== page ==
The US$70 billion annual trade in international fisheries products is coming under increasing risk as the larger species are systematically removed from our oceans. Making matters worse, pollution and other human activities on the coasts are removing key spawning and nursery habitats. The serious depletion of coastal and marine fish stocks is now threatening our biodiversity and the well-being of our coastal communities.
More than 2.6 billion people depend on the oceans as their primary source of protein. Fisheries is vital in eliminating hunger, promoting health and reducing poverty. The decline of the world’s fishery resources has thus major implications for the livelihoods and well-being of coastal communities, especially in developing countries.
What We Do
The GEF promotes sustainable fishing practices and wider ecosystem stewardship both on a regional level, as well as through national investments that tie to regional commitments. Our investments support the move from exploited fisheries to more sustainable practices. At the same time, we improve management of national and shared seascapes to support the billions of people who depend on marine and coastal biodiversity for their livelihoods. Read more+
The majority of GEF investments supporting fisheries management have been through the large marine ecosystem (LME) portfolio. The Global 66 LMEs support over 85 percent of global fish catch; investment in these LMEs is thus essential to address unsustainable fishing. In most of these projects, efforts are underway to ensure fishing efforts are at sustainable levels through approaches to gear, catch levels and/or closures.
In addition to addressing fisheries through the LME projects, the GEF has initiated a program specifically on coastal fisheries, which has pilot sites in West Africa, Peru and Ecuador and Indonesia. Activities are tailored to regional needs, which range from fisheries improvement projects to marine-managed areas.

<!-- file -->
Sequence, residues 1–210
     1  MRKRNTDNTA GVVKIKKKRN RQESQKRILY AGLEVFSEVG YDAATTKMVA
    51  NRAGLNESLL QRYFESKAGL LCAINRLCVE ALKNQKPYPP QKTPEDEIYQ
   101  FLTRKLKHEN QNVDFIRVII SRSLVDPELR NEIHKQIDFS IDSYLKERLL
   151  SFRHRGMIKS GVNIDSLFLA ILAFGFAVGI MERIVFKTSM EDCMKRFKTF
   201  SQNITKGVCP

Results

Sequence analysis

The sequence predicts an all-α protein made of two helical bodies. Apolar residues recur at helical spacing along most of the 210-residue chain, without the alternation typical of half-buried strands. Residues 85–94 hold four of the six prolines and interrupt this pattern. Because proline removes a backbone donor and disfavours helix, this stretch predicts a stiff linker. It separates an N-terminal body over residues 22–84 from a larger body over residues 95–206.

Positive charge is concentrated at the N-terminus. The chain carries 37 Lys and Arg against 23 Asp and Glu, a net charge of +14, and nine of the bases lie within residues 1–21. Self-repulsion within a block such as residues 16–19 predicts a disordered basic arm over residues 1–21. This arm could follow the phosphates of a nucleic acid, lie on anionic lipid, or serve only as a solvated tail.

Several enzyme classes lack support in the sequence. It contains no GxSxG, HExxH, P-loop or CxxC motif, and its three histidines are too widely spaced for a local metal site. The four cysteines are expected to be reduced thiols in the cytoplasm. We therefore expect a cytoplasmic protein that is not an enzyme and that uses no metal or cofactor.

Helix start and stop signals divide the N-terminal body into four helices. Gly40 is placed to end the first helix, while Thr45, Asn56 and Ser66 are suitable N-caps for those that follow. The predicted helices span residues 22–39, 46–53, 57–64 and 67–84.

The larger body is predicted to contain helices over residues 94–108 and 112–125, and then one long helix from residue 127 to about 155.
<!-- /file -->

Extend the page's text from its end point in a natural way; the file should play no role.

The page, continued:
In addition, the program includes a project to promote business investments by building capacity for private-public partnerships. Knowledge sharing among the three pilot sites is also a priority. This will enable stakeholders working on coastal fisheries around the world to learn from the successes and challenges of this program and vice versa.
Finally, the GEF has invested in improved management of high seas fisheries, particularly tuna, through the Areas Beyond National Jurisdiction program. Within the Western and Central Pacific (WCP) region, for example, 15 of 22 Pacific islands and territories participated in a GEF ocean management project. The project serves as a showcase for empowering small islands to engage on an even footing with larger and more politically influential countries.
In recognition of the vital role fisheries play in eliminating hunger, promoting health and reducing poverty, the GEF has promoted sustainable fishing practices and wider ecosystem stewardship both on national and regional levels. The GEF has promoted improved management of shared fishery resources, as experienced in West Africa, the Humboldt Current, Bay of Bengal, the Coral Triangle as well as in the open sea, such as the Western Central Pacific. To date, the GEF through its International Waters focal area, has invested US$160 million in coastal and marine fisheries, leveraging roughly US$1 billion in funding from other partners. Read more+
Traditional methods to catch shrimp are inefficient as fishers often end up with young fish, turtles and other by-catch. Over 60 percent of shrimp is discarded, making it among the most environmentally damaging fisheries in the world. The GEF is working to address bycatch in the Latin America and Caribbean region in shrimp and bottom trawl fisheries. Almost all participating countries have tested the use of trawl nets, which make it easier and faster for fishers to process the shrimp. In Mexico, for example, more than 140 vessels using the new methods and reported both increased quantity and quality of shrimps.
For coastal and marine fisheries projects
Additional funding leveraged from other partners